Weekly international investment round up to 14 October 2008
An increasingly important figure emerging from the current financial crisis is Gordon Brown.
The British Prime Minister’s bail out plan involves a huge injection of liquidity into the banking system, a massive cash boost to prop up lending between banks and incentives to kick-start investments and to get loans to businesses and for mortgages moving again. His strategy has been rigorously promoted on both side of the Atlantic with Europe and America now implementing similar measures it turn offering the battered investment markets a joined-up approach by the world’s richest nations at long last. However, in an attempt to keep the beleaguered capitalists happy the dreaded ‘n’ word (nationalisation) is desperately trying to be avoided.
Wisely, the canny Scot was trying to play down his role by stating “No one country can solve a global problem on its own. We are working together in Europe and across the Atlantic and around the world.” But as America looked on, Mr Brown was implementing his plans to take a majority stake in some of Britain’s biggest banks namely the Royal Bank of Scotland, Lloyds-TSB and HBOS under a multi billion plan to bail out the British banking industry.
James Gordon Brown was the second son of the Reverend Dr John Ebenezer Brown, a Church of Scotland minister, he was raised in the Scotland’s Firth of Forth area which is the region he represents today as a Labour MP.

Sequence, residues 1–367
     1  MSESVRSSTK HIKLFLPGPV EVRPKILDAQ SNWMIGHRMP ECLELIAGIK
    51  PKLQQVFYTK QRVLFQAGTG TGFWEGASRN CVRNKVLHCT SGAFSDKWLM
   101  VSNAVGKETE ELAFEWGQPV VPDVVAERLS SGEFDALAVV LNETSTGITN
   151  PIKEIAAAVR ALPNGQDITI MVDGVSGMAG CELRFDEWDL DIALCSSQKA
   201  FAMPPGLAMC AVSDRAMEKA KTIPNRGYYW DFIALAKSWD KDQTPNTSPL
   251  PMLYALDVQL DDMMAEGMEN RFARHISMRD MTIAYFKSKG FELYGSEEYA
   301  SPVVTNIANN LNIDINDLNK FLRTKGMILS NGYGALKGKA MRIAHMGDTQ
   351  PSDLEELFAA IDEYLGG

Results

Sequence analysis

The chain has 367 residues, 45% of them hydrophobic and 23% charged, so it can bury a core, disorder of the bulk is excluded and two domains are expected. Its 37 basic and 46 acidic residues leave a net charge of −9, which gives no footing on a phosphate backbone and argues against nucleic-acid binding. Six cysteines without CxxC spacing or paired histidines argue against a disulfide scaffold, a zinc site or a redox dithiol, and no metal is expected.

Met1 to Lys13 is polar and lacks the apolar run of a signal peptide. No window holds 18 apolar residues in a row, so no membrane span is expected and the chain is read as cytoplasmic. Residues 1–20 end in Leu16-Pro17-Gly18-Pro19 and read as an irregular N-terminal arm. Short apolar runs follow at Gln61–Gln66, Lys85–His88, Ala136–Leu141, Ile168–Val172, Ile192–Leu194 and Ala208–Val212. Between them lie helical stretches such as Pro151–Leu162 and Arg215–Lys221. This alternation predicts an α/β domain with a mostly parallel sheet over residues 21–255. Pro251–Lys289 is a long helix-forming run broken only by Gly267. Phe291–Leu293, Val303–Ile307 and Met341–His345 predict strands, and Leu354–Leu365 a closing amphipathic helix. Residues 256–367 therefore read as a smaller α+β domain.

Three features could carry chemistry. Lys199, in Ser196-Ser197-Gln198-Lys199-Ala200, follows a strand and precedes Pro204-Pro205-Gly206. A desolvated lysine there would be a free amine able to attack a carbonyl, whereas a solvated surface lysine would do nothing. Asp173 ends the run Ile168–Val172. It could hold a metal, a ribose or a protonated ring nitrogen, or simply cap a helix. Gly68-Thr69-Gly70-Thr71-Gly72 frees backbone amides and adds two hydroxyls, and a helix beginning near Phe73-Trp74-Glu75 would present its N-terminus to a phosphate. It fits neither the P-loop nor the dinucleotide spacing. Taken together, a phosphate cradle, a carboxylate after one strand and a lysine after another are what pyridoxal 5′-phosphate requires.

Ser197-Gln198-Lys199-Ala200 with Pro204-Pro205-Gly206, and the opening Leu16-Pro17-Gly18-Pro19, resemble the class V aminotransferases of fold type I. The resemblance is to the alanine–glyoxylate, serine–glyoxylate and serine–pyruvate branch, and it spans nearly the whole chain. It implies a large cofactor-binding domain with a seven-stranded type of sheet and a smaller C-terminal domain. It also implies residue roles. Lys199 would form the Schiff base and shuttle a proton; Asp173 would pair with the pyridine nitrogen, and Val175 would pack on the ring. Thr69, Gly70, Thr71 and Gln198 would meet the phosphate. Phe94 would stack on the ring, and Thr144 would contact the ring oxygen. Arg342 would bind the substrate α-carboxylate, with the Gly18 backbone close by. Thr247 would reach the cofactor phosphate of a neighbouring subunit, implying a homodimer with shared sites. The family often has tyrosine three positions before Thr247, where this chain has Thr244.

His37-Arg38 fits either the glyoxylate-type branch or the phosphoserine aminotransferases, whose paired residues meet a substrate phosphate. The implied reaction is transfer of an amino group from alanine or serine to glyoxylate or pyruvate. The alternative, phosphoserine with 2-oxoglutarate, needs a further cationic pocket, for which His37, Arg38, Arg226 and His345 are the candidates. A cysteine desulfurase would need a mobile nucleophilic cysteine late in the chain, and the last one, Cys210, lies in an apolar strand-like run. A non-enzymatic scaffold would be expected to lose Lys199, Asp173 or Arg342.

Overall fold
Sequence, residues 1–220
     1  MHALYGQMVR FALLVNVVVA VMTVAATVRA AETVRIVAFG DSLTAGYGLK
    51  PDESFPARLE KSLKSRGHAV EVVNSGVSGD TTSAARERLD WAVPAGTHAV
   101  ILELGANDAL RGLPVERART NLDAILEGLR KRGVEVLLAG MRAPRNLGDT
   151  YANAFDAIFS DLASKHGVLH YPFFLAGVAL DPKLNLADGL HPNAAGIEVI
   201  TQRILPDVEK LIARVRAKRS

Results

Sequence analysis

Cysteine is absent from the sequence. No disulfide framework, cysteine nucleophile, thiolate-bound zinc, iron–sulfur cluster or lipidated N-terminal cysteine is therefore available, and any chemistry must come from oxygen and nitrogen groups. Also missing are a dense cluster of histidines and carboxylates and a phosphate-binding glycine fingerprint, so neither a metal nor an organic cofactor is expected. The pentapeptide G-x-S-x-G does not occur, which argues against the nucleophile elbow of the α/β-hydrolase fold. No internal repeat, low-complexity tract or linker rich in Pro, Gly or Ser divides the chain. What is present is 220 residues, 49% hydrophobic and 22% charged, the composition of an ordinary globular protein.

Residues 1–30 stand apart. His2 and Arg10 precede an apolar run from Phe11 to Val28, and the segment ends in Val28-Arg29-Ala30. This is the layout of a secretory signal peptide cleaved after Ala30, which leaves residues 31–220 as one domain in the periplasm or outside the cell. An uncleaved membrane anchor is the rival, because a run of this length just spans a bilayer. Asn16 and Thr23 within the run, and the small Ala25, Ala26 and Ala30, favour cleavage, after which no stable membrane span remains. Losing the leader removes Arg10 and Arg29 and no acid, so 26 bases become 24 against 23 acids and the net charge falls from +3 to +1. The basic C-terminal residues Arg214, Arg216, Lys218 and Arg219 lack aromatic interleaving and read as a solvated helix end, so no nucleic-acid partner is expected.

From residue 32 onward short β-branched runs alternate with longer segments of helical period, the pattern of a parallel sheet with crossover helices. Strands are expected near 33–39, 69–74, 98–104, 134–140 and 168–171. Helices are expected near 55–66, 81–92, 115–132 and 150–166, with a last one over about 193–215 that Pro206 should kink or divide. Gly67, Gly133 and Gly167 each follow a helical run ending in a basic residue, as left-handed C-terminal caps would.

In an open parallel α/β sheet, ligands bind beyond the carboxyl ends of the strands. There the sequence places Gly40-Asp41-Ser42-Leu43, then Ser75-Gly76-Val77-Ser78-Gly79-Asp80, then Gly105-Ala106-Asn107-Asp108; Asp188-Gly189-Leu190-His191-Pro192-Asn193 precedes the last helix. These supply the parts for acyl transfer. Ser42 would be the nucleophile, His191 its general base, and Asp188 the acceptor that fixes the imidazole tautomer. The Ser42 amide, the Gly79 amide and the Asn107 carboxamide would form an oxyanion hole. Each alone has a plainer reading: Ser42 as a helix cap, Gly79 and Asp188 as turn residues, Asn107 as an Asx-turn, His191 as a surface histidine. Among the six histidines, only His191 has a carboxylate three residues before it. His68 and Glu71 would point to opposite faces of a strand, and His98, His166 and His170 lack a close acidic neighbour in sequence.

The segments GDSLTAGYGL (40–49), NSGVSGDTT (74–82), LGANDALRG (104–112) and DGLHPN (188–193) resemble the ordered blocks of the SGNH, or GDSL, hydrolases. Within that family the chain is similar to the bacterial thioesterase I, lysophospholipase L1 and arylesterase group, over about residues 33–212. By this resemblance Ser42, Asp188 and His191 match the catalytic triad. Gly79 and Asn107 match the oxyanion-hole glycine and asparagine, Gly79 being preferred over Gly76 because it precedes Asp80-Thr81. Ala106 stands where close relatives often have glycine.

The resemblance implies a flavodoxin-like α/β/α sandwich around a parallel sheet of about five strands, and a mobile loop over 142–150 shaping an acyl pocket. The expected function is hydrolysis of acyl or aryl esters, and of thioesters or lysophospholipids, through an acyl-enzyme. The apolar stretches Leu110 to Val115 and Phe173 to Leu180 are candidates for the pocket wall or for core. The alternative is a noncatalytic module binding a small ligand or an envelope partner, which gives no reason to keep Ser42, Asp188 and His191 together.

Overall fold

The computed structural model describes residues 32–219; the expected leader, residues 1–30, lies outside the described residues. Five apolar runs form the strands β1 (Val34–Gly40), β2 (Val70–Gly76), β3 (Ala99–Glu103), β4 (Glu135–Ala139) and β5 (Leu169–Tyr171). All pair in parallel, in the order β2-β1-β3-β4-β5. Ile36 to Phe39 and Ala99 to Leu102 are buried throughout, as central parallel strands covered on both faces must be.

This gifted intellect is often portrayed by the British press as a ‘dour Scot’ who has trouble connecting with the public and this media image is unfortunately not assisted by his disability. Mr Brown was left blind in one eye after a rugby accident at the age of 16 and has only restricted vision in his remaining eye with reports saying this is also getting worse.
Obsessed by politics from an early age his anti-establishment instincts saw him controversially elected Rector of his University at the age of 20 where he exposed their pro-apartheid investments in South Africa before writing ‘The Red Paper for Scotland’ in 1975 in which he called for “a positive commitment to creating a socialist society”. A strained 10 year tenure as Chancellor to Tony Blair’s PM was ended last year when he claimed the top job in British politics.
The markets reacted positively at the beginning of this week to the resolute global banking action turning the broker’s screens into a sea of green for the first time in what seems to be an eternity. Echoing Gordon Brown’s lead the American government is likely to take major equity stakes in several of their banks but again, don’t mention the ‘n’ word!
Those British banks accepting Mr Brown’s help will have to agree for the government having a say in how they are run and that their executives see their excessive bonuses limited or removed altogether.
Over recent times the world and in particular its financial systems has completely changed. In Britain, ‘Thatcherism’ is now officially dead, slain by Brown’s new-age form of socialism.
Mark Lamb is Director of FPC Investment Consultants who are Independent Financial Advisers and regulated by the MFSA to provide investment services under the investment services act 1994. For further details please contact Mark Lamb, by email on email@example.com by phone on 21318008 or through FPC’s website www.fpcmalta.com
This article does not intend to give investment advice and its contents should not be construed as such. Information in this article has been obtained from various public sources and is given by way of information only. Readers are always encouraged to seek independent financial advice before making any investment decision.